Building Domain Specific RESTful Services with XML Technologies

Some colleagues and I have been very busy in the last months putting together a framework to do just that. Let me briefly back up a bit…One of the things that I’ve spent some time on in the last couple of years is the Content Management Interoperability Services (CMIS) standards development effort. One of the styles for exposing this set of services is through a RESTful interface. Through incremental improvements happening through the community development process the result is a pretty nice, and quite RESTful, interface. That said, Roy Fielding levied some pretty harsh criticisms toward it when it was first made public – the vast majority of which are now addressed. One issue from Roy’s list remains but is, frankly, something that CMIS didn’t intend to address, and that is the concern that the services exposed over a CMIS compliant repository do NOT expose the domain specific semantics in the resources. Roy is, of course, dead on on this, what CMIS exposes is the repository model, not your domain specific model. Yes, CMIS does provide a service where object types can be obtained by a client, but those details are not a part of the protocol, rather they are tunneled through the protocol. And, while CMIS resource representations do include hyperlinks between related resources, again the related resources are repository resources (i.e. this document is contained in this folder) not domain specific resources.This is an all too common pattern – we build interfaces that expose the repository models – and, of course, this is not at all without use as it does help consumers more rapidly build applications. Unfortunately, it has the unintended consequence of encouraging architectures where all of the domain specific details are all too often included far too far from the server. My boss calls this the “semantic gorp”, and in the best case it lands on an app server somewhere embedded in some services that in turn call the repository-model-centric services, but in the worst case it ends up far further away. This causes all sorts of headaches, which I’ll go into details on in subsequent posts… for now I’ll just call on your intuition to buy that point.(Okay, so that wasn’t entirely brief, but important context nonetheless.)In the deployment of ECM systems you go through a process where you design your domain specific artifacts, content types, lifecycles, etc. You then (ideally) configure the ECM to provide services for those domain specific entities. Wouldn’t it be cool if you got domain specific services as a result of that process? Now, don’t misunderstand, we haven’t built that (yet), but what we just published to the EMC Developer Network is a step in that direction.We have built a framework that allows for the development of domain specific RESTful services over a repository that supports xQuery. In particular, the implementation available for download operates over EMC Documentum xDB. Using the framework, all of the details of connecting to xDB are abstracted away from the developer, and he or she produces the RESTful services by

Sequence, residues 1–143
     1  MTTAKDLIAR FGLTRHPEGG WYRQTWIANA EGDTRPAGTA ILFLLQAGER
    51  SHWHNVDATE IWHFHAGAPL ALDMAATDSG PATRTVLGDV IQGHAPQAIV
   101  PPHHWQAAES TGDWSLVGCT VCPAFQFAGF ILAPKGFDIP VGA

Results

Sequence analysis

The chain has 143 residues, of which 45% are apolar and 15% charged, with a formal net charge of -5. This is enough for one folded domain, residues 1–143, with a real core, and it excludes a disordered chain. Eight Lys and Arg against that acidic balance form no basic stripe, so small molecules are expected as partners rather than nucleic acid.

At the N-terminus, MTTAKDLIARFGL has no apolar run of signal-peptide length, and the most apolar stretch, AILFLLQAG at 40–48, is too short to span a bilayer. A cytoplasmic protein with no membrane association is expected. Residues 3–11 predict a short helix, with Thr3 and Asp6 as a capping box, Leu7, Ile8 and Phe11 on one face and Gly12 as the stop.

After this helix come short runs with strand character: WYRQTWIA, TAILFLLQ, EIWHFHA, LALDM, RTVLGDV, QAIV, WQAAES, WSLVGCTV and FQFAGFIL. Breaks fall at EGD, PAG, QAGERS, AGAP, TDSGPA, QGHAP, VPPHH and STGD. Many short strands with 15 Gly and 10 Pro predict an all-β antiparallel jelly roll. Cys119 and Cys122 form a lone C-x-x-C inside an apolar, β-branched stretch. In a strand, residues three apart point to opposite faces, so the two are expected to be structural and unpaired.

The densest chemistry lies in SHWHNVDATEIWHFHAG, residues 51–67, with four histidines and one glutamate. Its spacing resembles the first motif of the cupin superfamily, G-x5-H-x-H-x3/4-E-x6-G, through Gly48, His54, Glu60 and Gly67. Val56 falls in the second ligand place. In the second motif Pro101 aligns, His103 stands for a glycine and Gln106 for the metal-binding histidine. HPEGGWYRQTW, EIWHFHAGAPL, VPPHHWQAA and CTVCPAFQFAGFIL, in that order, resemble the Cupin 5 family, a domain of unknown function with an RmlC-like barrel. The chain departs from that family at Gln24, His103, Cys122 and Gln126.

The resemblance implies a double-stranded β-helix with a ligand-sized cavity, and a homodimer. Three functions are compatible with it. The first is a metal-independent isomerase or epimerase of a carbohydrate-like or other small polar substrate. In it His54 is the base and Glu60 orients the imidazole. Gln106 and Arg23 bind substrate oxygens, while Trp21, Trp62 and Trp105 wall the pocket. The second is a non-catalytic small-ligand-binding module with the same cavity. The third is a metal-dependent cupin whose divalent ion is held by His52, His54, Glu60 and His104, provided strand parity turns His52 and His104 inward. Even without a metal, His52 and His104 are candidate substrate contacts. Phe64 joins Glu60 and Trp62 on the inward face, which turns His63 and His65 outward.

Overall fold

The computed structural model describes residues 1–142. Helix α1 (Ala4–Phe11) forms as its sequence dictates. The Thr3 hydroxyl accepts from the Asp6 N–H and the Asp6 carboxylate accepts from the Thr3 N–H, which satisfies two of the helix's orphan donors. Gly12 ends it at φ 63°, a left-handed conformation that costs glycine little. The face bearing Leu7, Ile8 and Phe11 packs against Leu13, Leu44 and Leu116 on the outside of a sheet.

1. “declaring” the resource model in Jax-RS annotated Java classes
  2. defining the uniform interface with more Jax-RS annotations (i.e. @GET, @PUT, @POST, @DELETE, etc.)
  3. producing an XQuery to interface each RESTful operation for each resource to the physical manifestation of that resource
  4. and binds it all together in a spring configuration file

In this first release of the framework we are mostly leveraging Jax-RS for REST features, which means that one of the most important features of RESTful interfaces, hyperlinking, is lacking. This will follow in version 2 of the framework in a few weeks.One of the primary drivers for this work was to simplify the development process for these services – if they are easy to build then we should see more domain specific services where otherwise, generic services might have been. This is already proving true in that we are leveraging the framework on several projects internally at EMC. The developers were able to concentrate on their resource models, representations and interactions rather than getting bogged down in the details on how to implement them. Sure, they still need to touch java code and spring configuration files, but it’s not a huge leap to see that tooling could shelter the developer from those details – we’re just focusing on the developer model, not the tooling(, for now?).The framework, including source code, plus a sample application leveraging the framework is available here. Also, for any of you that will be at EMC World in a few weeks, I am giving a talk on this framework – in the highly coveted last slot of the conference in the developer track (Thursday afternoon at 1PM). Hope to see you there.

Share Your Thoughts